Where the Bidahochi and Chinle Formations make contact is an unconformity. An unconformity represents missing rock layers which in turn represents missing time. It's like a geology textbook with missing pages. You can tell that a page is missing but you can't tell what was on them. The Chinle Formation was deposited over 200 million years ago but the Bidahochi Formation is only about 8 million years ago. The contact between the Bidahochi and Chinle Formations represents 192 million years of missing time!
The Owl Rock Member consists of pinkish-orange mudstones mixed with hard, thin layers of limestone. Lenses of selenite gypsum are scattered periodically throughout the Owl Rock Member representing the minerals left behind after evaporation of inland lakes. This member is exposed on Chinde Mesa at the northernmost border of the park. The Owl Rock Member is approximately 205 million years old.
The colorful layers in the Chinle Formation represent ancient soil horizons. The coloration is due to the presence of various minerals. While the red and green layers generally contain the same amount of iron and manganese, differences in color depend on the position of the groundwater table when the ancient soils were formed. In soils where the water table was high, a reducing environment existed due to a lack of oxygen in the sediments, giving the iron minerals in the soil a greenish or bluish hue. The reddish soils were formed where the water table fluctuated, allowing the iron minerals to oxidize (rust).
The Petrified Forest Member consists of thick sequences of reddish mudstones and brown sandstone layers. This member is exposed in the Flattops and is the white and pink reworked volcaniclastic unit of the Painted Desert. It contains large amounts of petrified wood. The Black Forest Bed, part of the Petrified Forest Member north of Kachina Point, has been dated isotopically at 213 +/- 1.7 million years old.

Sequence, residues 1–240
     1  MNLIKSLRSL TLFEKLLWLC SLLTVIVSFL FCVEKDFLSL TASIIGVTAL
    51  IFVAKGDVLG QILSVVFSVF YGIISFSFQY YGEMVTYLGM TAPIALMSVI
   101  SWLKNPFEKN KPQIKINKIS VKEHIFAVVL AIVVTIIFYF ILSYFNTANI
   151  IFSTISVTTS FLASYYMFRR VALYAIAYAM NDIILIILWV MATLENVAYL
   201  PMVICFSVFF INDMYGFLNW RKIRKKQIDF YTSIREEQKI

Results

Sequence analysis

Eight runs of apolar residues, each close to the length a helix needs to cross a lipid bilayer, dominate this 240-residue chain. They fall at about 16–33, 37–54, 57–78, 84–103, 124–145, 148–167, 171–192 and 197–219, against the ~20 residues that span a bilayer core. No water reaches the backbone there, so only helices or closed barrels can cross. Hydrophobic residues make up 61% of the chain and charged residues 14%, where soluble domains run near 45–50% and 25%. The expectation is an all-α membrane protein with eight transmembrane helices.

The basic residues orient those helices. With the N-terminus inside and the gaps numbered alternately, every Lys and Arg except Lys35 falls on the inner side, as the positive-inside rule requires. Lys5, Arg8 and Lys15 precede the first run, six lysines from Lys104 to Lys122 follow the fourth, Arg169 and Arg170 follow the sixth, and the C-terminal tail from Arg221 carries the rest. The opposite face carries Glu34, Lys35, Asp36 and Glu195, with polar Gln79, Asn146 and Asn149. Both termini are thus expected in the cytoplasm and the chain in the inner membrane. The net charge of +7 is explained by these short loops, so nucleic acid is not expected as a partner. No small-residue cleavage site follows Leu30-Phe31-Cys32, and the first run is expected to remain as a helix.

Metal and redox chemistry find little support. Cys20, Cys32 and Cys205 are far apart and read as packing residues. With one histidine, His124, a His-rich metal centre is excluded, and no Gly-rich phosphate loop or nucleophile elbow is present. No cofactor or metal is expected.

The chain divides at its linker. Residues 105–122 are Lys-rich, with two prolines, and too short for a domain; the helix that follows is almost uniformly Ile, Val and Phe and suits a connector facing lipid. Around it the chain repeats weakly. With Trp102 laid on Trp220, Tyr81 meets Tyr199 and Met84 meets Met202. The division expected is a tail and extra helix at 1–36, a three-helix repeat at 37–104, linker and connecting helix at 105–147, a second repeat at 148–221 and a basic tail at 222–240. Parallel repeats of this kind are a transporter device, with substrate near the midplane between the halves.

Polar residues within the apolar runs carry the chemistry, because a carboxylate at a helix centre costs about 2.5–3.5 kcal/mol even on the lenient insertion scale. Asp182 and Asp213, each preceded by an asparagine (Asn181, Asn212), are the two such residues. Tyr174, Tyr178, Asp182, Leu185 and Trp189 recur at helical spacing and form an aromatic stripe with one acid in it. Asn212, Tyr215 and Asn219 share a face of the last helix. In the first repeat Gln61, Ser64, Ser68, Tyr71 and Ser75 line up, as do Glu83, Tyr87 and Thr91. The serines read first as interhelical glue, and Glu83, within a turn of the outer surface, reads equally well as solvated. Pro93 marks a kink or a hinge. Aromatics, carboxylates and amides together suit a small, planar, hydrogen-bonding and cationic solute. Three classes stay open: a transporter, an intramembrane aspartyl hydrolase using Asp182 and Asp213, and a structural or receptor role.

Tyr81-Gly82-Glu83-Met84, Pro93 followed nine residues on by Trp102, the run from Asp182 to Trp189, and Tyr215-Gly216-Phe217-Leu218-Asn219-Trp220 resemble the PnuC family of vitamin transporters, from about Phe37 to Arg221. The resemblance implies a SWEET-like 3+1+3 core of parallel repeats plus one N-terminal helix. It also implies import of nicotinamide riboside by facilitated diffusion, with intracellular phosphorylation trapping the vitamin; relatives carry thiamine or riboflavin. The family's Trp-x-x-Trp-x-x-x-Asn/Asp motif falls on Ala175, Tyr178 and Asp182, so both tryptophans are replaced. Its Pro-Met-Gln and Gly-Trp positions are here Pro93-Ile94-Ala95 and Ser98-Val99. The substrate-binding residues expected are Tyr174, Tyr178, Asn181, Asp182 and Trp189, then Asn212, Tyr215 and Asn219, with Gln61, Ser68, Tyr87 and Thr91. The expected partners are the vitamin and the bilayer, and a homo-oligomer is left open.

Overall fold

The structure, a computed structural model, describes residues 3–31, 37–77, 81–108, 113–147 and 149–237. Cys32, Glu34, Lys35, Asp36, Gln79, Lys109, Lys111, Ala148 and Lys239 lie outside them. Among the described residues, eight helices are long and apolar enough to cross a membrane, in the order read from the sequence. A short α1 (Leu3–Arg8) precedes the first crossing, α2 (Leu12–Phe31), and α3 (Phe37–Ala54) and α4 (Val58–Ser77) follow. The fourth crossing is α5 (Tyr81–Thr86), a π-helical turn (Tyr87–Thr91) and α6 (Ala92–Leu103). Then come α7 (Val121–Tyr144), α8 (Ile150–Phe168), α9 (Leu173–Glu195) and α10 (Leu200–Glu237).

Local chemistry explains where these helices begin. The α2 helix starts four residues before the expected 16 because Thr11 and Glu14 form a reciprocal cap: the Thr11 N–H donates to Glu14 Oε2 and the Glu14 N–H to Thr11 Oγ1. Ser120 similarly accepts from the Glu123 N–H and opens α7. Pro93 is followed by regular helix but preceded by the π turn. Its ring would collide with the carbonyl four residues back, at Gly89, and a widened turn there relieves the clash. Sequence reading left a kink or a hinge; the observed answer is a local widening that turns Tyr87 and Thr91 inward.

The Sonsela Member is divided into three parts: 1) the upper Flattops One Bed, which consists of a thick cliff-forming brown, cross-bedded sandstone, 2) the middle Jim Camp Wash Beds of blue, grey, and purple mudstones and numerous small grey and white sandstone beds, and 3) the lower Rainbow Forest bed consisting of white cross-bedded sandstone and conglomerate of rounded pebbles and cobbles which contains the logs of the Rainbow Forest. This sandstone caps Blue Mesa, Agate Mesa, and the mesa north of the Rainbow Forest. The Sonsela Member is approximately 216 million years old.
The Blue Mesa Member consists of thick deposits of grey, blue, purple, and green mudstones and minor sandstone beds, the most prominent of which is the Newspaper Rock Sandstone. This unit is best exposed in the Tepees area of the park. The Blue Mesa Member is approximately 220-225 million years old.
The Mesa Redondo Member is the oldest member of the Chinle Formation exposed in the Petrified Forest, mainly in the Tepees area. The Mesa Redondo consists of dark red siltstones as well as sandy conglomerates. The top of the member is very colorful hard layer with yellow, red, and purple mottles. The Mesa Redondo was deposited between 225-227 Million years ago and represents floodplain deposits that were adjacent to the sandstone channels of the Shinarump Member.
Last updated: September 13, 2020